5. 5.
    Cusick MF, Libbey JE, Fujinami RS. Molecular mimicry as a mechanism of autoimmune disease. Clin Rev Allergy Immunol. 2012;42:102–11. doi: 10.1007/s12016-011-8294-7.CrossRefPubMedPubMedCentralGoogle Scholar
  6. 6.
    Imazio M. Pericardial involvement in systemic inflammatory diseases. Heart. 2011;97:1882–92. doi: 10.1136/heartjnl-2011-300054.CrossRefPubMedGoogle Scholar
  7. 7.
    •• Cremer PC, Kumar A, Kontzias A, Tan CD, Rodriguez ER, Imazio M, et al. Complicated pericarditis understanding risk factors and pathophysiology to inform imaging and treatment. J Am Coll Cardiol. 2016;68:2311–28. doi: 10.1016/j.jacc.2016.07.785. An important contemporary review of pericarditis with a focus on multimodality imaging assessment and pathophysiology CrossRefPubMedGoogle Scholar
  8. 8.
    Muruve DA, Petrilli V, Zaiss AK, White LR, Clark SA, Ross PJ, et al. The inflammasome recognizes cytosolic microbial and host DNA and triggers an innate immune response. Nature. 2008;452:103–7.CrossRefPubMedGoogle Scholar
  9. 9.
    Martinon F, Petrilli V, Mayor A, Tardivel A, Tschopp J. Gout-associated uric acid crystals activate the NALP3 inflammasome. Nature. 2006;440:237–41.CrossRefPubMedGoogle Scholar
  10. 10.
    Duewell P, Kono H, Rayner KJ, Sirois CM, Vladimer G, Bauernfeind FG, et al. NLRP3 inflammasomes are required for atherogenesis and activated by cholesterol crystals. Nature. 2010;464:1357–61.CrossRefPubMedPubMedCentralGoogle Scholar
  11. 11.
    •• Brucato A, Imazio M, Gattorno M, Lazaros G, Maestroni S, Carraro M, et al. Effect of anakinra on recurrent pericarditis among patients with colchicine resistance and corticosteroid dependence. JAMA. 2016;316:1906. doi: 10.1001/jama.2016.15826. The first published randomized trial evidence examining the efficacy of anakinra in recurrent pericarditis in a small number patients CrossRefPubMedGoogle Scholar
  12. 12.
    van Kempen TS, Wenink MH, Leijten EFA, Radstake TRDJ, Boes M. Perception of self: distinguishing autoimmunity from autoinflammation. Nat Rev Rheumatol. 2015;11:483–92.CrossRefPubMedGoogle Scholar
  13. 13.
    Prasad M, Hermann J, Gabriel SE, Weyand CM, Mulvagh S, Mankad R, et al. Cardiorheumatology: cardiac involvement in systemic rheumatic disease. Nat Rev Cardiol. 2015;12:168–76. doi: 10.1038/nrcardio.2014.206.Cardiorheumatology.CrossRefPubMedGoogle Scholar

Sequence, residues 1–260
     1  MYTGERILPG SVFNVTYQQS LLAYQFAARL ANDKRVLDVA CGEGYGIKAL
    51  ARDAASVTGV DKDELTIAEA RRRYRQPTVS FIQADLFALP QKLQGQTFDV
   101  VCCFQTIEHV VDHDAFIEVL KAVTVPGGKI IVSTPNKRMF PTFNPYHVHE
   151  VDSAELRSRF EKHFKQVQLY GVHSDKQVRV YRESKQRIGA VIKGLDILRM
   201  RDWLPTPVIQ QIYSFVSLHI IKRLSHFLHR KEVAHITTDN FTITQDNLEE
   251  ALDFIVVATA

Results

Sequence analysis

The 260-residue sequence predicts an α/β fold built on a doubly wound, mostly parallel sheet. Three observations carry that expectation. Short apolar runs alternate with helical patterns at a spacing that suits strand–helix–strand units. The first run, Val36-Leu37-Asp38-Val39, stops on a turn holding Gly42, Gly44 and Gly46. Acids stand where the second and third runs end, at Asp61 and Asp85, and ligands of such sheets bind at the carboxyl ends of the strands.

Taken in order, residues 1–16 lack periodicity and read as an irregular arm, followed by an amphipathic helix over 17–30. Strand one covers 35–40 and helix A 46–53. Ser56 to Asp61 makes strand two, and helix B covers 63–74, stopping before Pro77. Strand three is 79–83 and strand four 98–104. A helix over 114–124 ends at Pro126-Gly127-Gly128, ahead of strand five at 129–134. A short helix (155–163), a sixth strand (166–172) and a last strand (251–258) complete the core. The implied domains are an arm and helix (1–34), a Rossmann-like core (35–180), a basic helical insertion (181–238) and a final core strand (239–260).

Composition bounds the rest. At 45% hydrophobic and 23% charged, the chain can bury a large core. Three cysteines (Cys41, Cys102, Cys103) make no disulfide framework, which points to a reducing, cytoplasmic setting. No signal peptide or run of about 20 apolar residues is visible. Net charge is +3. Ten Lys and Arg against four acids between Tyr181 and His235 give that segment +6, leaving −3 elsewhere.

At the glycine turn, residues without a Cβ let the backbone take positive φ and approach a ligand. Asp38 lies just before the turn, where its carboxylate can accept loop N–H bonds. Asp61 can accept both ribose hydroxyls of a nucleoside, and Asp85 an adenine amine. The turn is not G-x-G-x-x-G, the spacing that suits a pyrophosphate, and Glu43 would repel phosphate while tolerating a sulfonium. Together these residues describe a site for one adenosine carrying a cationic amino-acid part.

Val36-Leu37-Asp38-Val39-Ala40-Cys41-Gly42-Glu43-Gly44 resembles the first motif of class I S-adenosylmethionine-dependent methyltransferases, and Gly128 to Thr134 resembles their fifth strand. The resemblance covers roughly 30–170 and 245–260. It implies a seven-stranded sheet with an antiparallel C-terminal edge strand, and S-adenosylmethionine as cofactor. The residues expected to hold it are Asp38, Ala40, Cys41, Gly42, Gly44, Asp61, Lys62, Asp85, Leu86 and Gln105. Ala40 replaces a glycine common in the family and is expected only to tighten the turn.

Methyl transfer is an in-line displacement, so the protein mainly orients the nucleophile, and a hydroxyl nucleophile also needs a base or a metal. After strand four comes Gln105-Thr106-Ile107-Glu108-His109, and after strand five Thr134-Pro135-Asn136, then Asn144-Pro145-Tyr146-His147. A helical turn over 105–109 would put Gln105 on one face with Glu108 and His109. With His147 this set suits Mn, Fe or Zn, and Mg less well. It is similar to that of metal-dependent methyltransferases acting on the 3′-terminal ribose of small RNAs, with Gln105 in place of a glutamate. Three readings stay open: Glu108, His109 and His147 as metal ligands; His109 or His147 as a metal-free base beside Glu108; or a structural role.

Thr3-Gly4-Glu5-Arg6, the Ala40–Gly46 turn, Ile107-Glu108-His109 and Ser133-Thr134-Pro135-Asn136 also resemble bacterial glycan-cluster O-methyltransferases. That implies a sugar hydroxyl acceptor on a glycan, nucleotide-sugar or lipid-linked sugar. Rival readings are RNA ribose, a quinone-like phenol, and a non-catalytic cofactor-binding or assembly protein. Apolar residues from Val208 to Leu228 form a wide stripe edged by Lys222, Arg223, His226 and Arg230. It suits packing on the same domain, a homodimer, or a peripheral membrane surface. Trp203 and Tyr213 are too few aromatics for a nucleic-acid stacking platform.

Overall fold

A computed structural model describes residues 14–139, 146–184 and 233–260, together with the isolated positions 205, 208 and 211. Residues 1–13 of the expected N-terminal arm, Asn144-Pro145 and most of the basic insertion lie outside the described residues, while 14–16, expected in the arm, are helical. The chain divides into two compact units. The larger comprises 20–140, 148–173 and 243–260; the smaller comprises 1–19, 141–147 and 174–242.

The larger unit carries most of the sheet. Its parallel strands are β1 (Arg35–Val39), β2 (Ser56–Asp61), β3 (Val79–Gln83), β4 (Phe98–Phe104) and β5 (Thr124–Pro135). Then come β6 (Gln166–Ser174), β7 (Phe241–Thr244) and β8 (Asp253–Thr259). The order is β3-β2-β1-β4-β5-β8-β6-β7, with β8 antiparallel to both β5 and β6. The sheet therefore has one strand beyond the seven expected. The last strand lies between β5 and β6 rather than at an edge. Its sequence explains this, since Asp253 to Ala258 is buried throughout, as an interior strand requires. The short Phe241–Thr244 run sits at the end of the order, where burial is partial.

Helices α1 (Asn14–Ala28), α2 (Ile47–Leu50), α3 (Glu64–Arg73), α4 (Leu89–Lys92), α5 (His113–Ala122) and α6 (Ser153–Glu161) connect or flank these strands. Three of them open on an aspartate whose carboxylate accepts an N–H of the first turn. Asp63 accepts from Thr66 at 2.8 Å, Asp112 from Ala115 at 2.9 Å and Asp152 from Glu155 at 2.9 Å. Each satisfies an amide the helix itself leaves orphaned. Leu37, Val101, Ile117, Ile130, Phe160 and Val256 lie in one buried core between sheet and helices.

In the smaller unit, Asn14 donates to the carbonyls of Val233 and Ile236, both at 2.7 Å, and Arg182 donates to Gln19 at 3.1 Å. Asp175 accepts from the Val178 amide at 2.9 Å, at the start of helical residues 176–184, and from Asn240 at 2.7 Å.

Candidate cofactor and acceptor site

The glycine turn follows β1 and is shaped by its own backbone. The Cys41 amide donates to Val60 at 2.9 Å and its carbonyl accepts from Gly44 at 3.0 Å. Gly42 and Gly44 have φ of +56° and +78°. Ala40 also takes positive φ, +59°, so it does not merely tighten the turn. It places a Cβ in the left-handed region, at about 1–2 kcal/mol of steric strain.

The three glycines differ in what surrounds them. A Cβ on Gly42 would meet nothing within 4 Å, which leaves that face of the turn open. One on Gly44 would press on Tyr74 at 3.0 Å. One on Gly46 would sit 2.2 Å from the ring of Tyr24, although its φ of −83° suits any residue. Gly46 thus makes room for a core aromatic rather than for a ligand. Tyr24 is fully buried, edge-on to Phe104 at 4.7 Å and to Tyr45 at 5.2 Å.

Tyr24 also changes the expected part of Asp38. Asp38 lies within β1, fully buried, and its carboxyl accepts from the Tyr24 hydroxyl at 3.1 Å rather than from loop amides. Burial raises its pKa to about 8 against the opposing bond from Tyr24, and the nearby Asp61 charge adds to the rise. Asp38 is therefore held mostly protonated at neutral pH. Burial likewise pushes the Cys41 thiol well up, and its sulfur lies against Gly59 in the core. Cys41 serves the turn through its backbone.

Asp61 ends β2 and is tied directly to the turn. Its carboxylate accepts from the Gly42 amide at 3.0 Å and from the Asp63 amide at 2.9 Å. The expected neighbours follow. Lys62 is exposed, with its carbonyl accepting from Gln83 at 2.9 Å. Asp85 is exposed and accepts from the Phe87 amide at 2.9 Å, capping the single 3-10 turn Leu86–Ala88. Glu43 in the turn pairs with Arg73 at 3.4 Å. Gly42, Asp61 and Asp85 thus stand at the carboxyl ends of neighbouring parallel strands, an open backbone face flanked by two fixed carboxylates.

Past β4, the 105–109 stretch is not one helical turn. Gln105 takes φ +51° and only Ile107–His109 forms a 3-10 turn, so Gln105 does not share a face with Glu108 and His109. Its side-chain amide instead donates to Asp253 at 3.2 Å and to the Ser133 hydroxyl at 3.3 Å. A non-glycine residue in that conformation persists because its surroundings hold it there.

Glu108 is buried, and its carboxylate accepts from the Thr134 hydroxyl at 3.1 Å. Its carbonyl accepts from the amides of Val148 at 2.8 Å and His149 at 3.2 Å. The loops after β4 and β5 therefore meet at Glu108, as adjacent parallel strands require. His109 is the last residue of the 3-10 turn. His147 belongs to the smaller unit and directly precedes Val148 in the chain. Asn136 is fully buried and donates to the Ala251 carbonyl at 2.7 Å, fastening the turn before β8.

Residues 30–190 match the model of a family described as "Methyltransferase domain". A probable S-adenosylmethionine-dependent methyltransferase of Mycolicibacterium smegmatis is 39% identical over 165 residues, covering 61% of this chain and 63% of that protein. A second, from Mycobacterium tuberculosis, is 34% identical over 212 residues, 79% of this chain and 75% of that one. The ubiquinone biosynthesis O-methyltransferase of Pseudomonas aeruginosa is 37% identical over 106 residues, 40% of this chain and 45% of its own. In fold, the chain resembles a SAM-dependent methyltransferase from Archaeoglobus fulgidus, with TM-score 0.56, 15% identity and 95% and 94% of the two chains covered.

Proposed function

14. 14.
    Voskuyl AE. The heart and cardiovascular manifestations in rheumatoid arthritis. Rheumatology. 2006;45:4–7. doi: 10.1093/rheumatology/kel313.CrossRefGoogle Scholar
  15. 15.
    Miner JJ, Kim AHJ. Cardiac manifestations of systemic lupus erythematosus. Rheum Dis Clin. 2014;40:51–60. doi: 10.1016/j.rdc.2013.10.003.CrossRefGoogle Scholar
  16. 16.
    Imazio M, Hoit BD. Post-cardiac injury syndromes. An emerging cause of pericardial diseases. Int J Cardiol. 2013;168:648–52. doi: 10.1016/j.ijcard.2012.09.052.CrossRefPubMedGoogle Scholar
  17. 17.
    Cevik C, Wilborn T, Corona R, Schanzmeyer E, Nugent K. Post-cardiac injury syndrome following transvenous pacemaker insertion: a case report and review of the literature. Hear Lung Circ. 2009;18:379–83. doi: 10.1016/j.hlc.2009.04.001.CrossRefGoogle Scholar
  18. 18.
    Alraies MC, Al Jaroudi W, Shabrang C, Yarmohammadi H, Klein AL, Tamarappoo BK. Clinical features associated with adverse events in patients with post-pericardiotomy syndrome following cardiac surgery. Am J Cardiol. 2014;114:1426–30. doi: 10.1016/j.amjcard.2014.07.078.CrossRefPubMedPubMedCentralGoogle Scholar
  19. 19.
    Imazio M, Spodick DH, Brucato A, Trinchero R, Adler Y. Controversial issues in the management of pericardial diseases. Circulation. 2010;121:916–28. doi: 10.1161/CIRCULATIONAHA.108.844753.CrossRefPubMedGoogle Scholar